Fans anxious to see and hear the Grammy-winning recorder who is acclaimed for raining prolific and socially conscious lyrics during his live performances have already declared their commitment to going to extreme lengths to welcome the acclaimed God, Emperor, Lion and Gargamel.
“I don’t intend to pay my rent in March” a US-based fan posted on social media.
From England, scores of loyal fans expressed determined intent to making the trip to the island.
Acclaimed for recording a plethora of hits including: “Love Mi Browning,” “Love Black Woman,” “Bogle,” “Boom Bye Bye,” “Make My Day,” “Deportes,” “Til Shiloh” marked the pinnacle of his career as he simultaneously declared his allegiance to Rastafari.
That declaration was sealed by Lisa Cortes the president of Loose Canon Records who signed him to her label for US distribution with Mercury / Polygram labels.
The wide release garnered immediate notice outside his borders but also proved a haunting fodder as LGBT devotees retraced Banton’s history to focus on a song he recorder at age 15.
Titled “Boom Bye Bye” the teenager’s early lyrics about a specific tragedy on his island became GLAAD’s campaign to curtail the career and meteoric rise of the Caribbean deejay.
The advocacy group dedicated to the gay and lesbian community latched onto the track and successfully forced negative newspaper accounts and features against the dancehall talent.
Banton explained that the lyrics were directly aimed at a controversial case involving sexual abuse of a minor who was raped by an adult male.
Denounced by the US based group Banton felt persecuted and even entrapped to be punished for being the “Voice of Jamaica.”
Throughout the relentless campaign Cortes backed him.
Despite bans at prominent venues throughout the US — the Apollo Theater etc — she released “Inna Heights,” and “Voice of Jamaica.”
His last release and ninth album before incarceration is titled “Before The Dawn.”
It won him a Grammy award and simultaneously announced on the dawn of his first court date in Florida.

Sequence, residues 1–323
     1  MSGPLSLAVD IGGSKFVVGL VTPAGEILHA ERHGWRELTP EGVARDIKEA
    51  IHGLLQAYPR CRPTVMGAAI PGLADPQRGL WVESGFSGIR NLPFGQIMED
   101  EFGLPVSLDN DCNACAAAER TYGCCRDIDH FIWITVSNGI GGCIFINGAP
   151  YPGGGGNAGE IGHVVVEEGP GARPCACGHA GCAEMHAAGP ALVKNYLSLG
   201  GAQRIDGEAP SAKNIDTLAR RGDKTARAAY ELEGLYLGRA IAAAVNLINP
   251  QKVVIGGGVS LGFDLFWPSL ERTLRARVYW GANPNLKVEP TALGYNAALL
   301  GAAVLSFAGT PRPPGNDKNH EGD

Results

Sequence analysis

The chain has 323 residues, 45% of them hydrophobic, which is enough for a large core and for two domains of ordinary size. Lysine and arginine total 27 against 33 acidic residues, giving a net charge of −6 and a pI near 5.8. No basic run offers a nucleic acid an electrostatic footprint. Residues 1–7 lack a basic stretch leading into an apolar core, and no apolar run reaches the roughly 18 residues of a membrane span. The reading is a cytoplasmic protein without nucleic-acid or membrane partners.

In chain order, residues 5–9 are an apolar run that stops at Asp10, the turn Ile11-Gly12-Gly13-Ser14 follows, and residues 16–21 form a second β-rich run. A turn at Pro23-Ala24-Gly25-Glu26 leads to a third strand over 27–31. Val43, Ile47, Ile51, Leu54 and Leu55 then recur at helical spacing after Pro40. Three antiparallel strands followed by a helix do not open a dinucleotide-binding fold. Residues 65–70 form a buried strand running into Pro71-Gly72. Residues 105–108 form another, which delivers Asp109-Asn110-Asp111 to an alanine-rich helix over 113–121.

He was tried twice and ultimately sentenced to 10 years for conspiracy to sell and transport cocaine.
Since his release popular hip-hop star DJ Khaled has flown his private jet to the island to record with the deejay.
“Mix Up Time” is the single they will likely perform at the concert.
Allegedly the rapper is also compiling a documentary of the same name to accompany the release. Reportedly the rapper and the deejay have maintained a 25-year friendship and with this collaboration could yield another hybrid reggae release in 2019 akin to the Shaggy / Sting “44 / 876” Grammy-nominated hit of 2018.
Early endorsers of the second chance premiere concert includes Yellow Man, Beenie Man, Bounty Killer, Beres Hammond, Marcia Griffith, a fraternity of reggae artists and masses of Jamaicans who are convinced “Buju has served his time” and is forgiven.
Their beloved Gargamel, God, Emperor, Lion is a holiday gift that will last through seasons.
“Fans want to bring him back to the fold,” Donna Hope, a UWI professor explained.
“Since he left a new generation of artists in dancehall have emerged on the scene”… Chronixx, Vybz Kartel, Popcaan, Alkaline… “he will have to find his footing in this new age of social media…he must not challenge those on the circuit but add value…expand the depth and breadth of dancehall.”
Sure hits on his repertoire will include “Unchained Spirits” and “Rasta Got Soul” among a long list of hits.
Catch You On The Inside!
By submitting this comment, you agree to the following terms:
You agree that you, and not CaribbeanLifeNews.com or its affiliates, are fully responsible for the content that you post. You agree not to post any abusive, obscene, vulgar, slanderous, hateful, threatening or sexually-oriented material or any material that may violate applicable law; doing so may lead to the removal of your post and to your being permanently banned from posting to the site. You grant to CaribbeanLifeNews.com the royalty-free, irrevocable, perpetual and fully sublicensable license to use, reproduce, modify, adapt, publish, translate, create derivative works from, distribute, perform and display such content in whole or in part world-wide and to incorporate it in other works in any form, media or technology now known or later developed.